Russians researchers are exploring the possibility for using Kaiso protein for early detection of cancer.
They are developing this new approach to treat intestinal cancer at the Bioengineering Centre, Russian Academy of Sciences, under Anna Prokhorchuk's guidance jointly with American colleagues sponsored by the international CRDF foundation and the Federal Agency for Science and Innovation.
Any cancerous disease changes the genetic landscape - some genes are suppressed and others get activated, resulting in the growth of the tumor and the formation of metastases, and cancer spreads beyond the control of the immune system.
The universal mechanism that regulates genetic activity is DNA methylation, where a methyl group is joined to a section of a molecule. Special methyl-DNA binding proteins spring into action, bond with a section of the methylated DNA and suppress gene activity. One such protein that the researchers are interested in is Kaiso. They assume that this protein plays an important role in the intestine cancer development, and knowledge about it can be used for diagnostics and treatment.
First, the researchers measured the level of expression of the Kaiso protein gene in intestinal tumors in mice and in human patients. The level of expression turned out to be dozens of times higher than that in healthy organs and tissues. 'Kaiso-zero' mice were then used which were found to be resistant to cancer. The same resistance to cancer was acquired by the mice whose DNA methylation had been suppressed by other methods.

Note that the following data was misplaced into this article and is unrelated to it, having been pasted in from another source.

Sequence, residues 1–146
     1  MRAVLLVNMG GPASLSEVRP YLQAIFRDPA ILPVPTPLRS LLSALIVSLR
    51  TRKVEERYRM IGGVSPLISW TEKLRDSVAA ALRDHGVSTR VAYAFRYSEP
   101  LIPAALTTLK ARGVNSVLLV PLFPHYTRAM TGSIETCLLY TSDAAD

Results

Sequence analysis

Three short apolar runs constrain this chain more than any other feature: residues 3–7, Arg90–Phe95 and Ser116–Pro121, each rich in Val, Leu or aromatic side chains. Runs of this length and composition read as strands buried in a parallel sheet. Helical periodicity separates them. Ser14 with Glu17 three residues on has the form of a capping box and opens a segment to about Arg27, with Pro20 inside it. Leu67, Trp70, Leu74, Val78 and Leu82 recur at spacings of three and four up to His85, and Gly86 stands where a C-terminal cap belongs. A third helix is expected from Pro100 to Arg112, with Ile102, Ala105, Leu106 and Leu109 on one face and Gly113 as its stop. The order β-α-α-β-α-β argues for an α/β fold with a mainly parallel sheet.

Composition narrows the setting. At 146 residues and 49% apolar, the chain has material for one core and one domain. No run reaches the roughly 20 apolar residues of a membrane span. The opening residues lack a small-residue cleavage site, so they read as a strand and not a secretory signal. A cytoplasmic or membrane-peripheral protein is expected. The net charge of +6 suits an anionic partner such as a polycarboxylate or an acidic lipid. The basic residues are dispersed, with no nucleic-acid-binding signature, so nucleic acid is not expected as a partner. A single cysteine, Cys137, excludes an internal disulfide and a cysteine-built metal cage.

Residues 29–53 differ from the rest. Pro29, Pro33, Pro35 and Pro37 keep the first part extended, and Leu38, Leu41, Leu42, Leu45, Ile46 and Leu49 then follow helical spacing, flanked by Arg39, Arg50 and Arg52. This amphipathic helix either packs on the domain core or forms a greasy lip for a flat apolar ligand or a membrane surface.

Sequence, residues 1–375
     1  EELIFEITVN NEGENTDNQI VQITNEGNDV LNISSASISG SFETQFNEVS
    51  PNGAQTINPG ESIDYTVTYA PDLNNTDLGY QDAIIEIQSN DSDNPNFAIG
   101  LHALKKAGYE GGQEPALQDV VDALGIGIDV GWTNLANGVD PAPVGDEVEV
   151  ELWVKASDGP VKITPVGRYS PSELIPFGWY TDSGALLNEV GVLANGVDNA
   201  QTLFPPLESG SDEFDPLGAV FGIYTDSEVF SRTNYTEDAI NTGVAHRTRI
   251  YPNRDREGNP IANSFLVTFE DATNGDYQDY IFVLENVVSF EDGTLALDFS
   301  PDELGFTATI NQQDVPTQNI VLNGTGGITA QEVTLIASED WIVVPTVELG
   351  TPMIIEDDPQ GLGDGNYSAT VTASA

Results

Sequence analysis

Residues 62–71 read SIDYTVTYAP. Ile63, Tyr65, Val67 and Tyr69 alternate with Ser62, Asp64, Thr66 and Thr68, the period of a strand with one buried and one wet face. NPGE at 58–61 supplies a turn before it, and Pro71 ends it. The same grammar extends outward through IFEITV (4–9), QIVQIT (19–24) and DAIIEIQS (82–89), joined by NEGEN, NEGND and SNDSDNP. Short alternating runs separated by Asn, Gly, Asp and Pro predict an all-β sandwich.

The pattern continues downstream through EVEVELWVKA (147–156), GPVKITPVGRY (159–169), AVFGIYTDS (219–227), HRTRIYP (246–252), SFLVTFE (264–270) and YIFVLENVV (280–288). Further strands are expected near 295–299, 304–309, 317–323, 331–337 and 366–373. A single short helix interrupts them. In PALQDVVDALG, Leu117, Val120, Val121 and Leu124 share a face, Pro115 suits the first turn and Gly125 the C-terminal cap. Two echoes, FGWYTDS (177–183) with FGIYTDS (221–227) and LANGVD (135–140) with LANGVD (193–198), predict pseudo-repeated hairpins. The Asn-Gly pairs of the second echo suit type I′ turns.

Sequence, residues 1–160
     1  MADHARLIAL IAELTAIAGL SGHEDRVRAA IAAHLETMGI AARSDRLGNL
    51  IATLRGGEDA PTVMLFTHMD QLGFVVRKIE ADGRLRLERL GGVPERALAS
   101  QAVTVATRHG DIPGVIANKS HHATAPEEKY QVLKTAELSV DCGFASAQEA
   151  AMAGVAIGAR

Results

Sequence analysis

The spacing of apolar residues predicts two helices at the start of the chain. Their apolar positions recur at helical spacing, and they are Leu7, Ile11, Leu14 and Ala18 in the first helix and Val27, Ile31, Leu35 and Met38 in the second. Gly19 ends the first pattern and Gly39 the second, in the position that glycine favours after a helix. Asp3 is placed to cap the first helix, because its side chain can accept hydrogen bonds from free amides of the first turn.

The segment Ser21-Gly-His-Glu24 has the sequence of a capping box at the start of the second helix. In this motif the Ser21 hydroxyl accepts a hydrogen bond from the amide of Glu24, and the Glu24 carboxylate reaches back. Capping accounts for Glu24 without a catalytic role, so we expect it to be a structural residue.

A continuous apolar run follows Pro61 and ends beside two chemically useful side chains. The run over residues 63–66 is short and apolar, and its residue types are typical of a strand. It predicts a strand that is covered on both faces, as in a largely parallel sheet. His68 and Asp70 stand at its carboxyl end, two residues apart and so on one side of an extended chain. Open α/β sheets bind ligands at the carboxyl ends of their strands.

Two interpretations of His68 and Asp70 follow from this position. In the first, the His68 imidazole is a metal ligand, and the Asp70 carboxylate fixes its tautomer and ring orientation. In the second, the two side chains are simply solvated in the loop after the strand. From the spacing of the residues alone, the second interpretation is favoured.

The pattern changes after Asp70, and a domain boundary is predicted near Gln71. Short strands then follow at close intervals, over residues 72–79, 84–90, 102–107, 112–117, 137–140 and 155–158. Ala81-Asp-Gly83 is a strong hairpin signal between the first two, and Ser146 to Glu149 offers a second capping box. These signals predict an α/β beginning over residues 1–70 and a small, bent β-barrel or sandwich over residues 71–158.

The Kaiso protein can be potentially used for early detection of cancer, as its content in a majority of tumors is much higher than that in human healthy tissue.
Contemporary molecular methods allow the analysis of expression of dozens of genes in the cancerous tissues, and comparison of the resultant picture with the gene portrait of normal cells. Of course, the Kaiso gene is not the only one that can be used for such diagnostics. The cancer tumor is a highly heterogeneous dynamic system, which requires knowledge of almost the entire genetic profile containing 28,000 genes.
Researchers believe that there are another 10 and 30 key genes that can also serve as tumor characteristic markers. This will save resources and time, sparing the need of analyzing the entire genomic profile.
In cancer therapy, chimeric Kaiso protein could be created. The ordinary Kaiso protein (via DNA methylated binding) inhibits the work of cancer suppressor genes. However, using the same properties of the protein, it is possible to make it reinforce the work of these genes. This is what the researchers are struggling to achieve.
"There are hidden pitfalls here," explains Anna Prokhorchuk, project manager. "It is necessary to make chimeric Kaiso work only to activate cancer suppressor genes, not the other methylated DNA sequences. This is what we are working at in the Bioengineering Centre jointly with American colleagues."